“The staff at the NSC secretariat is MoSPI staff and owes its allegiance to the secretary (CSI)," said Amitabh Kundu, economist and a member of the first NSC headed by Tendulkar. “The secretary controls everything, down to printing funds." “The NSC chairman has a minister-of-state rank but since the CSI is the MoSPI secretary, he can stall things citing procedural issues," said Kundu. “Even during the tenure of the first NSC, several decisions were taken by the CSI which should have come to the NSC. Instead, we were just informed. Nobody protested outside NSC meetings as that was not very common those days."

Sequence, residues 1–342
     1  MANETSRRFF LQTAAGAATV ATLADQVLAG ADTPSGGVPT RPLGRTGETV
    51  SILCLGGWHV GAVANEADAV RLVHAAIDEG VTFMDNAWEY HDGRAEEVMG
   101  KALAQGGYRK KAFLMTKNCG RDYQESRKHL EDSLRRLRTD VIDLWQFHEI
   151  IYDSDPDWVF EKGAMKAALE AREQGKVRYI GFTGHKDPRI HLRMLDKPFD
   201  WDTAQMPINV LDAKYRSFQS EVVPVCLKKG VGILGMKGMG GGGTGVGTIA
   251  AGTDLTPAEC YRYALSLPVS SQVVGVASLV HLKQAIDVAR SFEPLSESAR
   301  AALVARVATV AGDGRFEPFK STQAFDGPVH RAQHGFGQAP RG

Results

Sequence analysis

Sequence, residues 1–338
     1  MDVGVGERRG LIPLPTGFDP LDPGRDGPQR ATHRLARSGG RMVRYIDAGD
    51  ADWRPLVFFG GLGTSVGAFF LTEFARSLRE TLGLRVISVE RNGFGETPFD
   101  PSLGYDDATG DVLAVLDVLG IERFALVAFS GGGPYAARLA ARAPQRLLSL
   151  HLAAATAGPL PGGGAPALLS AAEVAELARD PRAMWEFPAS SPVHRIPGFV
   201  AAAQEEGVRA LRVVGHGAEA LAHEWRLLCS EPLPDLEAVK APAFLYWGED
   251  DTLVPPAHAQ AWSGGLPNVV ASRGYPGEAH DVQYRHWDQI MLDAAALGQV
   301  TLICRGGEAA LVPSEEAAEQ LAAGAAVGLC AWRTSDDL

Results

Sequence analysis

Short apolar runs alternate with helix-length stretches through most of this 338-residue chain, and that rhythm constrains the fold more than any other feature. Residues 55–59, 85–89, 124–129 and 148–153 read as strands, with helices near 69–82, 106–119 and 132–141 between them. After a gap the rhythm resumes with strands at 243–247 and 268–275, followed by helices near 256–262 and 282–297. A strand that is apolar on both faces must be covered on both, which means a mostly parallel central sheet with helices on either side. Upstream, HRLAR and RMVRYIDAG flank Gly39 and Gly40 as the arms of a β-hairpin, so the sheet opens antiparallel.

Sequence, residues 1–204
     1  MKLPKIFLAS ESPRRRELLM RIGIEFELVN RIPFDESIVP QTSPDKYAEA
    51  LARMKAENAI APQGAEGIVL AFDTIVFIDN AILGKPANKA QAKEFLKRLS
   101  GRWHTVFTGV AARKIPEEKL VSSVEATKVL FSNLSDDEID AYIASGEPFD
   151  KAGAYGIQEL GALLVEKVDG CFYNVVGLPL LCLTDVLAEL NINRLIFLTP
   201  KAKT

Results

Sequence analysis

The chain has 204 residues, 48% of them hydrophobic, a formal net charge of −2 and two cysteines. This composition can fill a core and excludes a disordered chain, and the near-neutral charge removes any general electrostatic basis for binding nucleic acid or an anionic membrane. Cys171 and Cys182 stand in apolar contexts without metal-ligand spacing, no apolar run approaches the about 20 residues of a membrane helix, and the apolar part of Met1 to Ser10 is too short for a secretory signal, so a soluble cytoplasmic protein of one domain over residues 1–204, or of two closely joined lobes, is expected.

In March 2010, Sen modified the composition of the Standing Committee on Industrial Statistics (SCIS) without consulting the NSC, earning the NSC’s ire. “There has to be clarity on authority and accountability," said Sen. “The CSI is accountable to the government, the NSC is not." (The NSC is accountable to Parliament). Sen said he does not recollect the SCIS incident but added that he thought the NSC had no business to decide on the SCIS.

“The CSO partially modified the composition of the SCIS on 11th March 2010 without making a reference to the NSC and perhaps without the approval of the Minister of Statistics," the NSC annual report of 2010-11 noted. “The NSC expressed its strong displeasure on the modifications made by the CSO ... It was decided that the Committee would be constituted by the NSC."